Fair is Equal to Lovely
“Wanted: Fair, beautiful girl for ….”, or “Fair, well qualified girl seeks…” This is how a majority of matrimonial adverts in India read. As Americans are obsessive about being a certain size, so Indians are obsessive about being a certain skin color. (And I thought the Obama picture was hilarious so I decided to put it up here.)
A 'skin whitening' cream
The words fair and lovely are almost synonyms and there you have India’s most popular ‘beauty’ product, the world’s largest selling sun screen called Fair & Lovely. This cuts across social, economic and even educational strata. Models and actresses are rarely dark or dusky skinned and those that are tell you how they are routinely made up to look way fairer than they are actually.
The second picture is the hoarding of a fairly commonly seen advert. In this picture see how the ‘before’ picture of the model is dark and also unhappy. The after picture is fair and lovely and happy too! Advertisement for these products is incredibly regressive to say the least and even angry making. The before is invariably sad, unsuccessful perhaps lonely and most certainly dark skinned, the after will miraculously be happy, successful, vibrant, popular, and most certainly fair skinned!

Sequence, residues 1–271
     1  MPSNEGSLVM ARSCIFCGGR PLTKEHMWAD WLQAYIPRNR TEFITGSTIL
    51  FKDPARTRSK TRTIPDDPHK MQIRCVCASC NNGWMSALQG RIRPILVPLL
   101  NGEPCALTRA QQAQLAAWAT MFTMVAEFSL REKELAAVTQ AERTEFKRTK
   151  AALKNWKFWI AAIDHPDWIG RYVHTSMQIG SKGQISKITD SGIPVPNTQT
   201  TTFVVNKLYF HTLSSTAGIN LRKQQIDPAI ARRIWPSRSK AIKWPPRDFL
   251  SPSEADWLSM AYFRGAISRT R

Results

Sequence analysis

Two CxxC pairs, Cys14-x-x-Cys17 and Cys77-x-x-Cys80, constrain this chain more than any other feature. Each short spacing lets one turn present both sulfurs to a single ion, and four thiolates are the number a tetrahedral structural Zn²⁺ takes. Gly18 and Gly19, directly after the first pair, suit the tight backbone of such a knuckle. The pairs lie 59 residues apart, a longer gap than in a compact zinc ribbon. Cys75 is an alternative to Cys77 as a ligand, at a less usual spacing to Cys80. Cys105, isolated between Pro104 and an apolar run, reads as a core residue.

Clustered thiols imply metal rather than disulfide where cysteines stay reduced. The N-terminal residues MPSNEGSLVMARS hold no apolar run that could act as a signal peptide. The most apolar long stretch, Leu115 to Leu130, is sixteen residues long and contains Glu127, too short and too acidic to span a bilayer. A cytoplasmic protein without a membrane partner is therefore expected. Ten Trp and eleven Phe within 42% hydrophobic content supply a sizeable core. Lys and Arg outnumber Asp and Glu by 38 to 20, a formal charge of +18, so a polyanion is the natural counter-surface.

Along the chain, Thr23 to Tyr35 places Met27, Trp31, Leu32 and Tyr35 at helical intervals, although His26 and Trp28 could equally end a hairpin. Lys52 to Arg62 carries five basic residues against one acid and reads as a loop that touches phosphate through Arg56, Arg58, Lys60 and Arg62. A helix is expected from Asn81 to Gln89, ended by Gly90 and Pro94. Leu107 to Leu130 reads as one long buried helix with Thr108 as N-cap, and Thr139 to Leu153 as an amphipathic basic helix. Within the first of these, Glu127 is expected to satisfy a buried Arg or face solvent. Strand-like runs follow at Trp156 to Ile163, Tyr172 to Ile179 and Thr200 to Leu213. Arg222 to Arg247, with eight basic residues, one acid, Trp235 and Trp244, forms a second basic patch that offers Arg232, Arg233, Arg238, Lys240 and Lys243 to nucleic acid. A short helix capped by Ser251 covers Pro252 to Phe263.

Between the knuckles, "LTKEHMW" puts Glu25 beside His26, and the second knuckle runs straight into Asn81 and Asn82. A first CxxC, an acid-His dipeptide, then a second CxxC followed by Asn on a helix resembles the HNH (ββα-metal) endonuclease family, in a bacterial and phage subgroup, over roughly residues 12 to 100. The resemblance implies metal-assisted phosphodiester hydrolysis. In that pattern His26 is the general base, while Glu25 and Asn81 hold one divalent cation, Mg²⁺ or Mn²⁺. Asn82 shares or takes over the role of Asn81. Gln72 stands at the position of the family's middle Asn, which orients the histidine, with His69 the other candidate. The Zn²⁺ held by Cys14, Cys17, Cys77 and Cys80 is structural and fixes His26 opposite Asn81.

While in the West a tanned look is equivalent to a healthy look, that is certainly not so in India. In the cities it is a common sight to see young women on their mopeds wearing long gloves, their entire heads including their faces swaddled in a voluminous scarf. While this is a great way to protect your skin from the elements and pollution, the motive behind this is simply that the young women do not want their skin to darken in the sun.
The Concept of Sun Bathing
There is no concept of sunbathing in India. While in Goa it is a common sight for the ‘goras’ (loosely translated as pale skins) to be basking in the ferocious Indian sun, it is something that is fairly inexplicable for most Indians who when they are forced to go out in the sun would rather carry an umbrella. The umbrella wielding Indian woman when there is no rain is sight is a common sight all over India.
I remember that as children my brother and I who were considered ‘fair’ used to loll in the fierce Indian sun hoping to get tanned and attracted a fair amount of disapproval from people around. Lolling in the mid summer Indian sun, I will tell you for free, is fraught with peril. My brother and only ended up with some ferocious sun burn and peeling painful skin for some days thereafter. So there is ample reason to wear sun block here in India, only not for the reasons that most people do.
I could not find some of the really awful Fair and Lovely ads which are routinely aired here, but here is an example of one that i found from youtube:
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